Tuskegee Airmen Inc. has ordered two Piper Pilot 100i single-engine trainers as it prepares to launch RedTail Flight Academy in September to help provide flight training opportunities to minority youth. In honor of the original Tuskegee Airmen, the academy will offer an aviation scholarship program covering the full cost of flight training.
Plans call for kicking off training with six students and increasing to 30 per year by 2026. Based at New York Stewart International Airport, the academy will provide a Part 141 curriculum that spans 10 months and results in a multi-engine commercial pilot license with an instrument rating for candidates between the ages of 18 and 21.
“Our vision is to create a flight training academy that uses aviation as a developmental tool focusing on STEM, leadership development, and the legacy of the Tuskegee Airmen,” said Glendon Fraser, director of the Lee A. Archer Jr. RedTail Youth Flying Program. “The addition of two Piper Pilot 100i aircraft is a key milestone as we work to achieve our vision and meet our goal of providing 30 commercial pilots per year, with zero cost to deserving candidates. Additionally, providing a modern single-engine aircraft equipped with a glass cockpit affords our students a competitive advantage for flying in the contemporary world.”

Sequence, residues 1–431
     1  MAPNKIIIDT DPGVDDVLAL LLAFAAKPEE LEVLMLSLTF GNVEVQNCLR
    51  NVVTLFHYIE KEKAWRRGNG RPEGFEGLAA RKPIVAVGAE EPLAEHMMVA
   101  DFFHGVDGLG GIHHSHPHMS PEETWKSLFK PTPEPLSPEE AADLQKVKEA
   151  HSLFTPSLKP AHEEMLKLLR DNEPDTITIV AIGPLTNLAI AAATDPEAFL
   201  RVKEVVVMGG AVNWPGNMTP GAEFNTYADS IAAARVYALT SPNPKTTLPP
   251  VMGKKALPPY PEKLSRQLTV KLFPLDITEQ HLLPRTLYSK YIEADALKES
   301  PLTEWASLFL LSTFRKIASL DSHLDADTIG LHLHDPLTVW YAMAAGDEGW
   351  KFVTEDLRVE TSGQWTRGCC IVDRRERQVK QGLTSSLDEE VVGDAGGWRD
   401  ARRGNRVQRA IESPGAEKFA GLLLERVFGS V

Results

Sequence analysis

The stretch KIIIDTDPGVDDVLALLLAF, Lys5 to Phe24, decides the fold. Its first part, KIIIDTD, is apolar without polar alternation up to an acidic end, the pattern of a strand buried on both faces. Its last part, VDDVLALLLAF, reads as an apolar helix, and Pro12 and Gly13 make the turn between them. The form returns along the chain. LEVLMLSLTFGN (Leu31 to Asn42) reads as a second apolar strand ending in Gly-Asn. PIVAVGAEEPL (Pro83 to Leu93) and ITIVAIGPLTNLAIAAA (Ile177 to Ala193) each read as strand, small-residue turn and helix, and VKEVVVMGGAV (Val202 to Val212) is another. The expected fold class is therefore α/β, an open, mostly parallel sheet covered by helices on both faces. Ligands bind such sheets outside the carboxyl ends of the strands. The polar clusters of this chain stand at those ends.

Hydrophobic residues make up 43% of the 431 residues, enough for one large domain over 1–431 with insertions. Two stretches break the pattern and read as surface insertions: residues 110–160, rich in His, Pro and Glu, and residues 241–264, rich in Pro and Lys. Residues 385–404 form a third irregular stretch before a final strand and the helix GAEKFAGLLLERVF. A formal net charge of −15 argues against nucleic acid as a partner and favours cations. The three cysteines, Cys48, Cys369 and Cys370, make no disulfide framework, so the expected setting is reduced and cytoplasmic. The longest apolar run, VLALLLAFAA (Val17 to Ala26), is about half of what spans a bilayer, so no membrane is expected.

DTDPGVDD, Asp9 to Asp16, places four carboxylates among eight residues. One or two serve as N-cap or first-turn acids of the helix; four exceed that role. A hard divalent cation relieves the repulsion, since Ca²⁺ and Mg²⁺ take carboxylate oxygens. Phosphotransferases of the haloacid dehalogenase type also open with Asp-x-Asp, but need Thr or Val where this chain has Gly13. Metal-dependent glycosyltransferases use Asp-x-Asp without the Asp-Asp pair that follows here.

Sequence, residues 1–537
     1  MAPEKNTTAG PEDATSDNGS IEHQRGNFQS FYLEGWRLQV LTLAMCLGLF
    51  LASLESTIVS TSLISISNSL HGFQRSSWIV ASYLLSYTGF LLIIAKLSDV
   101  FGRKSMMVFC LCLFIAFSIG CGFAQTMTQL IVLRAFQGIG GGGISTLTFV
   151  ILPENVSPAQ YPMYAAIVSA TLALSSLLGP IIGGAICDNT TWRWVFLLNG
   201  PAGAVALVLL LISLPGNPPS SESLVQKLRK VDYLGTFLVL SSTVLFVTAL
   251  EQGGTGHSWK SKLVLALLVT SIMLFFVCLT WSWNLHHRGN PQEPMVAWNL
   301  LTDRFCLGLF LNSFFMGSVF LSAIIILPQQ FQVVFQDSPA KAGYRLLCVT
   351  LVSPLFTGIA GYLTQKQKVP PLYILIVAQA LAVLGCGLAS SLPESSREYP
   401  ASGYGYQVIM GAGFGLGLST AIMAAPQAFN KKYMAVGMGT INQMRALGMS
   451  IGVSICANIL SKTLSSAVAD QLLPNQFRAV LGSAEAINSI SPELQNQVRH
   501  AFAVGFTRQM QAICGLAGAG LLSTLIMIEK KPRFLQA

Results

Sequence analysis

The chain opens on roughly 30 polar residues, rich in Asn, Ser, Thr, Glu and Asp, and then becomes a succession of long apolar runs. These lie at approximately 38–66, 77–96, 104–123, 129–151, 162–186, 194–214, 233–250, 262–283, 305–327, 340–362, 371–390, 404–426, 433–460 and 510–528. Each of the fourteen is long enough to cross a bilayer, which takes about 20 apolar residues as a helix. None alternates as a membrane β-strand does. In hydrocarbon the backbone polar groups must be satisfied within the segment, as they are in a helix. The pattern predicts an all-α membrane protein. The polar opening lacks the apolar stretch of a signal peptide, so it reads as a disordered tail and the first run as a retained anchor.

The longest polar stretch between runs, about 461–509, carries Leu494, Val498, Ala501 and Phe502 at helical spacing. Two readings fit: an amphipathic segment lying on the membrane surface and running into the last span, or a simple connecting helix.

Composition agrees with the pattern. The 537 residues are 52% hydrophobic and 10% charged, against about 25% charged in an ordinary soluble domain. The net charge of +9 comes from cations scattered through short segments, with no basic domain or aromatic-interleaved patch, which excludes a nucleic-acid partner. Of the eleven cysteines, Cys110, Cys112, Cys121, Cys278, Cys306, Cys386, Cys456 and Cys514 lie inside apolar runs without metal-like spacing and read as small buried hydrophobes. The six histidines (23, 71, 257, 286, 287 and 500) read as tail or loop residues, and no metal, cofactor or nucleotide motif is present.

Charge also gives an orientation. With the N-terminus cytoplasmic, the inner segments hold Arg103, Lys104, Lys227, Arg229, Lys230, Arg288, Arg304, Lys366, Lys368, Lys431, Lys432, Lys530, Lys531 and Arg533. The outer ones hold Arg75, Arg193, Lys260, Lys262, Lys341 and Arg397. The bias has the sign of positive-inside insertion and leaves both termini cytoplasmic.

Helping to launch to program, an anonymous benefactor donated a Sikorsky, believed to be an S-76, that was then sold with the help of Guardian Jet’s brokerage services. Proceeds from the transaction will fund scholarships and the purchase of the initial two training airplanes.
“The Piper Pilot 100i is the ideal initial trainer for this program as it offers the reliability and ruggedness of the PA-28, Garmin advanced avionics, [and] acquisition and operating costs that will enable the RedTail Flight Academy to achieve their scholarship goals,” added Ron Gunnarson, v-p of sales, marketing, and customer support for Piper Aircraft. “We look forward to continuing to support the RedTail Flight Academy and their mission as they advance their training program and develop qualified commercial pilots for the aviation industry."